Here are some easy examples:
A Waterfront Property is on water. These properties include those on lakes and rivers. A Lake Property is on a lake, and supports lifestyles that include activities like sailing, water skiing, jet skiing, fishing, kayaking, etc. Oh, and ‘hammocking’, as in taking a good summertime nap in the shade, while reclined in a hammock! And a Riverfront Property is on a river, which is often desirable for fishing enthusiasts. For us, properties that have ponds or streams don’t fit our definition of ‘waterfront’.
Horse Properties are those on 5 acres or more, that have outbuildings like horse stalls, riding arenas, or pens, to accommodate owners who have or want horses. These properties are different from those that could accommodate horses, but don’t currently have structures for horses. We would consider those “Country” properties.
A Log Home often covers a range of construction, and could include full-log construction, log siding, and sometimes timber frame construction, even though that’s different. Log homes are a dream property for many people, who have a variety of desires, like living closer to nature, or the feeling of simpler times.
Land & Acreage is pretty self-explanatory, but comes in a variety of types. Hunting Land is large enough, and has characteristics that make it ideal for hunting a variety of wildlife. Sometimes, Hunting Land is also called Recreational Property, which covers activities beyond hunting, such as riding horses, ATVs, hiking, etc. Then there’s Development Land, which has characteristics, such as location, zoning, or infrastructure that make it a good candidate to be developed for residential or commercial purposes. The common denominator of what we call Land is that it’s unimproved, meaning it doesn’t have have any buildings on it.
Some other categories of ‘lifestyle properties’ seem easy to define, but they’re not. Those include:
Country Homes cover a fairly wide range of properties. On our site, this category includes homes on 10 acres or more, which are commonly served by water wells and septic systems. Though this is a broad category, it fits for buyers who want to live in an area where there’s open space, and they don’t feel too close to their neighbors, where they can hear the birds sing by day, and the crickets at night. We work with a lot of folks who are moving from the city, who can’t wait to get out to the country.
Premier Properties is an even broader range of properties. On our site, it’s any property with a price of $750,000 or more. We know that pricing isn’t everything, and that many buyers come from areas where that minimum price barely covers a bungalow, but it’s a place to start. For buyers looking for a special property with a higher price tag, searching the Premier Properties category is usually a good place to start. Keep in mind too that Premier Properties can include Lake, Horse and other Properties that have that $750,000+ list price.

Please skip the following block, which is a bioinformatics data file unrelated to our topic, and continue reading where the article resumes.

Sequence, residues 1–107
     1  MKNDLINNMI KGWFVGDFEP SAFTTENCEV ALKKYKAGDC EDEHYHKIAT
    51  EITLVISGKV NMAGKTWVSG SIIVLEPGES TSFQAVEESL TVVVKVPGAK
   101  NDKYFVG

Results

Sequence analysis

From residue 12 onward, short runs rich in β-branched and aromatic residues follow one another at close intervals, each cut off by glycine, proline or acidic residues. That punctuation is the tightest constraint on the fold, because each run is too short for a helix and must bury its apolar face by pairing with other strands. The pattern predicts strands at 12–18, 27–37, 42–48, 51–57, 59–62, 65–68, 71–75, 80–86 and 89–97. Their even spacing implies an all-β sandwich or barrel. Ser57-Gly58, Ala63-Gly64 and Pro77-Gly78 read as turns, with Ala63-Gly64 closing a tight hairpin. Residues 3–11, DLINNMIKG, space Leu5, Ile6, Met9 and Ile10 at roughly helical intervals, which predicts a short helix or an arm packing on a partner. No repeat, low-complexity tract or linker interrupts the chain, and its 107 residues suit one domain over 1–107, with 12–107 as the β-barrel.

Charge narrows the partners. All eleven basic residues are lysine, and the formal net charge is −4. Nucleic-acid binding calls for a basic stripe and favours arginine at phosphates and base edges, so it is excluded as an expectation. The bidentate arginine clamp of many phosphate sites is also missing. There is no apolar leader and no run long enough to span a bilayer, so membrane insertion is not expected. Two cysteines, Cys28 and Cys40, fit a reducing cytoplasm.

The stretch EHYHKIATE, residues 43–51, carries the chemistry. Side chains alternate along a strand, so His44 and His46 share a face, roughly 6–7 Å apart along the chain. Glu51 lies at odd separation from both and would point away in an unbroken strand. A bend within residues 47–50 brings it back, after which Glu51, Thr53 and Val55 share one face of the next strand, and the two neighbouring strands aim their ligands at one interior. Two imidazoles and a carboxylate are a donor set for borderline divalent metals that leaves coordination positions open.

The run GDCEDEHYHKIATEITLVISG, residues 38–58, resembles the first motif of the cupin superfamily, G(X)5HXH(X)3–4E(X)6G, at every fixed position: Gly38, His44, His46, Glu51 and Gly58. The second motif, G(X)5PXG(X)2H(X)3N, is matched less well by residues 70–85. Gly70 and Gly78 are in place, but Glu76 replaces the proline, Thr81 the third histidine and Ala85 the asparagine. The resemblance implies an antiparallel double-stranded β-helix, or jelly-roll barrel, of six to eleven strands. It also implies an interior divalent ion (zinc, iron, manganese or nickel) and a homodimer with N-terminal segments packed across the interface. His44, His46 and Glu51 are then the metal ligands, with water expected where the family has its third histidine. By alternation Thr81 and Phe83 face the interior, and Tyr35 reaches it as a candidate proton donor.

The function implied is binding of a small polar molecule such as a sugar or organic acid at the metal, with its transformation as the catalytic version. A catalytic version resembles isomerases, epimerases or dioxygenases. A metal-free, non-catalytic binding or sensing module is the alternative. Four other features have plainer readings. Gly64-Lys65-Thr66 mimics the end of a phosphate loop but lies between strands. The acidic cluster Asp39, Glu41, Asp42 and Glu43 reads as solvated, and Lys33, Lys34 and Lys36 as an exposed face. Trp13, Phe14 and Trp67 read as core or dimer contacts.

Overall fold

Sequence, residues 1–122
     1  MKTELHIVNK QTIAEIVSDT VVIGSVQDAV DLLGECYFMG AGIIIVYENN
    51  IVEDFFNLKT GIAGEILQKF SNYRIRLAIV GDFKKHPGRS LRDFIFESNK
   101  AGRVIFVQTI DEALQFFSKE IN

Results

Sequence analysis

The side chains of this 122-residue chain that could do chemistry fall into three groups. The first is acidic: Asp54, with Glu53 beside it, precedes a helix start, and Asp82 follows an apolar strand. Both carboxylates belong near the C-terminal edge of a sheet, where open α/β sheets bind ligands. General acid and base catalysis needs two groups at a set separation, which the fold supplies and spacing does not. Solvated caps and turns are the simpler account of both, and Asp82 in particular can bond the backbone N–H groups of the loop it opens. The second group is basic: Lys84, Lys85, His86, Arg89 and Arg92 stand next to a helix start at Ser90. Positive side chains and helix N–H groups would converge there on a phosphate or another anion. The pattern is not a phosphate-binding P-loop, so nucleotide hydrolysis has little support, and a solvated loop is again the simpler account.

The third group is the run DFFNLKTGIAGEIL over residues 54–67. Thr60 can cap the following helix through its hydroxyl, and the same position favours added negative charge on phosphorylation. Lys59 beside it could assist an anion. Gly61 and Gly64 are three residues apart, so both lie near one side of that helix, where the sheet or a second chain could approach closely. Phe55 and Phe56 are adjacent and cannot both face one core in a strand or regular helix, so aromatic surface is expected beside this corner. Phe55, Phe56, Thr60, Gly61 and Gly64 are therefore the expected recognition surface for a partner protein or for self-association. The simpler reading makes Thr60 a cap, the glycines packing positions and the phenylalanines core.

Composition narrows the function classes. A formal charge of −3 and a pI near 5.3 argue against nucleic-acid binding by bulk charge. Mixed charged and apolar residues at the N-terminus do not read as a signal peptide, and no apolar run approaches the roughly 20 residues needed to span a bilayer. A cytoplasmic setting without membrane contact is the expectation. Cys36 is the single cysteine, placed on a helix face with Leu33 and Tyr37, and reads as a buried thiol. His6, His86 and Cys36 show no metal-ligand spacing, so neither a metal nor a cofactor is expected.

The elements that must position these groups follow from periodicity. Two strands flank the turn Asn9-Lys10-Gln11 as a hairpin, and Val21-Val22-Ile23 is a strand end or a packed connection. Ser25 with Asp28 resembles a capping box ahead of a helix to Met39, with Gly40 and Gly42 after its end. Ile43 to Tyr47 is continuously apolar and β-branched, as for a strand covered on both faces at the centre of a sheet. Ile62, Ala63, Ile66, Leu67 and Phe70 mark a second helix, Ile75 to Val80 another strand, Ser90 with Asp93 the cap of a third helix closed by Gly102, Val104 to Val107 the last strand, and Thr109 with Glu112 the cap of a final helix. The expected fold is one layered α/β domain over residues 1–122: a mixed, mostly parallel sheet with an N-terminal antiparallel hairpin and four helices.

Golf and Ski Properties are easy to define from a lifestyle standpoint — they’re for people who want easy access to golfing and skiing. However, they’re not easy to categorize on our website. We do our best to make sure that Golf Properties are either on or within walking distance to a golf course, or include a club membership, and that Ski properties are either ski-in/ski-out properties, or within walking distance to ski slopes. Sometimes, sellers like to say that they have a golf or ski property because it’s within driving distance of a golf course or ski slopes, but that definition covers the majority of real estate in Michigan.
On our site, Historic Properties include any built before 1925. We know that the year is debatable. Some people would go back to 1900, while others would include Mid-Century Modern homes in the ‘historic’ category. We chose 1925 as the cut off, but also offer a few additional searches on our site.
The Bed & Breakfast category is a tricky one too. Some B&Bs are classified as ‘commercial’ properties, while some that are classified as ‘residential’ can also accommodate use a B&B. On our site, we try to include both categories, simply because we know that buyers of B&Bs are likely to want to see their full range of options. Another important criterion we use is 5 bedrooms or more.
So, there you have it — our take on the definitions of a variety of ‘lifestyle properties’. Lastly, you should also know that we occasionally review our definitions and criteria. More than anything, we want to be consistent with the thinking of the the majority of buyers and sellers of ‘lifestyle properties’, because they’re who we serve.
If you have another definition, or other ideas, for any of these ‘lifestyle’ property categories, we’d love to hear from you!